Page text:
Equifax Data Breach
The Equifax data breach has jeopardized the majority of Americans’ birth dates, SSNs, addresses, and some driver’s license numbers. Unfortunately, the Equifax data breach wasn’t the first of its kind. It’s likely that your information is already out there, and I don’t believe a credit freeze will be effective in protecting you from fraudsters. I’ve outlined the true risks we should be worried about, as well as recommended actions to take.
The Equifax data breach was enabled by a web-application vulnerability, which had a patch available in March 2017 (see this Wired.com article). The Equifax data breach occurred a full two months later, which wasn’t revealed to the public until September 2017. The Wall Street Journal (paywall) reported, “People who purchased credit-monitoring services from Equifax seeking added protection from fraud were among those who had their credit-card information stolen as part of the company’s massive data breach, according to people familiar with the matter.”
The obvious risks
The combination of your data that’s been jeopardized means that someone can attempt to open a credit line in your name. To open a new credit card, for example, a person’s name, address, birth date, and SSN are the only pieces of data needed, all of which were exposed via the Equifax breach.
In case you thought changing your SSN would solve the problem, you can’t change your SSN except in limited circumstances.
The biggest threat: account takeovers
Protective measures like credit freezes, fraud alerts, and monitoring your credit report will alert you to new credit accounts. However, Gartner analyst Avivah Litan wrote in the Gartner blog, “[L]ess than 5% of Americans will have new loans, bank accounts, credit cards and other financial accounts taken out by a criminal in their name over their lifetime. And while everyone is advocating getting a credit freeze on your credit bureau file, my view is that will only protect you from less than 5% [emphasis added] of the types of financial crimes that can happen to you.”
A credit freeze will not prevent a criminal from gaining access to your existing accounts. Litan continues, “Armed with stolen, up-to-date PII [Personally Identifiable Information] data, criminals can more easily impersonate their target victim in order to get into their account.” She states that you should be most worried about “financial account takeover, phone takeover (used to get access to financial accounts), tax refund fraud, Social Security and other government benefit fraud, ransomware on your computer, and social engineering by fraudsters or nation-states who want to get to you or someone you are connected to.”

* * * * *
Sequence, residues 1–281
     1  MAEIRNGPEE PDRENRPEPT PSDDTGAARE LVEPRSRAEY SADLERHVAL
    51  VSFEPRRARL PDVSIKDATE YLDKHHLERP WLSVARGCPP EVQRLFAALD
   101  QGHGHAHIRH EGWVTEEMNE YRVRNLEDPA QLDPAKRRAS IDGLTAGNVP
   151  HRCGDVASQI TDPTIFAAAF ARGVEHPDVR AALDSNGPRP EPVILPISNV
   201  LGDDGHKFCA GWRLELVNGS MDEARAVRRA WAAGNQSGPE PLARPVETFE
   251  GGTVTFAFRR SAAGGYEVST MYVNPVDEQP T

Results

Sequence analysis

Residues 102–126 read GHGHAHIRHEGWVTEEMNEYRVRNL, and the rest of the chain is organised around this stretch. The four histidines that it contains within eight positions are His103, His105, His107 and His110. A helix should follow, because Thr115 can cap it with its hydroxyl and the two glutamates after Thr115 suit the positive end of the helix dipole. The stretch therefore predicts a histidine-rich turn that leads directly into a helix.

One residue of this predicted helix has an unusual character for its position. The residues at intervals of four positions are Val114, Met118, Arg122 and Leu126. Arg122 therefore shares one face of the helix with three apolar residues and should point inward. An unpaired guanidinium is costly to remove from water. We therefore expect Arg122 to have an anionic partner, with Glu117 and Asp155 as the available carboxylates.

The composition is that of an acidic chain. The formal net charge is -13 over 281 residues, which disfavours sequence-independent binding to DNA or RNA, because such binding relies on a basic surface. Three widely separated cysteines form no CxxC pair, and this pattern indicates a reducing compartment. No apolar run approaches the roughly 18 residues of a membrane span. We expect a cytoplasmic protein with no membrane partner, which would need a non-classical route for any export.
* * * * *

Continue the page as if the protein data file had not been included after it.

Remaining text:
How to protect yourself (hint: the answer isn’t a credit freeze)
Linza wryly describes how a credit freeze on her file would be worth 30 extra seconds of sleep a night. Instead, she recommends monitoring your financial accounts closely so that you can report a crime quickly improve your chances of getting a refund. She’s also highly suspect of emails and phone calls from unrecognized senders or callers.
- Hang up on suspicious callers, and call the organization yourself. Let’s say you receive a phone call, and the caller claims to be from the IRS. Don’t provide any of your personally identifiable information like your SSN or address. Instead, ask for the caller’s name and a general description of the issue, and then call the IRS’ hotline directly to verify there really is an issue.
- Review all of your financial transactions on a regular basis (at least weekly) to identify suspicious activity. Set up an account on Mint.com or YNAB (You Need a Budget) to view all of your accounts in one place.
- Use a credit card instead of a debit card. Credit card fraud is far simpler to repair than debit card fraud. In the former, you haven’t lost any money; you simply report the fraud and get a credit on your statement. In the latter, your checking account is immediately hit, which could lead to a cascade of financial headaches, such as bounced checks, and large credit card debt if you don’t have an emergency savings account.
Final notes: avoid Equifax’s special site
To add insult to injury, the special Equifax site for setting up credit monitoring, equifaxsecurity2017.com, is also vulnerable to hackers. Instead, Equifax will physically mail notifications to everyone who was exposed in the breach, so you don’t have to use their flawed site to see if you were impacted.
Although there are potential headaches associated with freezing/unfreezing/refreezing your credit file, go ahead and set up credit freezes if you gives you peace of mind. I would rather subscribe to a credit and identity monitoring service like MyIDCare, which was provided for free to victims of the OPM breach. If you have children, I’d enroll the entire family in credit and identity monitoring; children’s identities can be stolen as well, and a service like MyIDCare’s Family Plan will allow you to enroll the entire family unit for one monthly fee.